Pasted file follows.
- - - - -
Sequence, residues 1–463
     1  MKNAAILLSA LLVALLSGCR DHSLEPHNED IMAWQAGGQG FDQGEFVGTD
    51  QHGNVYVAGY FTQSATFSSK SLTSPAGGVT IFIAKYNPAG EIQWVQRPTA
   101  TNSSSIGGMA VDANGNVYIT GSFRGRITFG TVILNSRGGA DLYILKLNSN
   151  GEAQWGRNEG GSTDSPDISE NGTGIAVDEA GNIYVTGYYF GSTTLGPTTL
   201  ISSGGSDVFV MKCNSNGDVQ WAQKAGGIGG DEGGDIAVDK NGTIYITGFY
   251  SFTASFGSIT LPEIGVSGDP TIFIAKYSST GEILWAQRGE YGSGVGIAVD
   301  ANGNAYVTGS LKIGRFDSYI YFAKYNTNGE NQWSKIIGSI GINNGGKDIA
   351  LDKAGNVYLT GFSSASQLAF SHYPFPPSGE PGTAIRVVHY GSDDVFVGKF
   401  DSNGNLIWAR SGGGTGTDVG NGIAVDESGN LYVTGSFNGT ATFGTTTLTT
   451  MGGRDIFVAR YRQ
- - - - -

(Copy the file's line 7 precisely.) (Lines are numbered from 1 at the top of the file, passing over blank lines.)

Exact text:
   251  SFTASFGSIT LPEIGVSGDP TIFIAKYSST GEILWAQRGE YGSGVGIAVD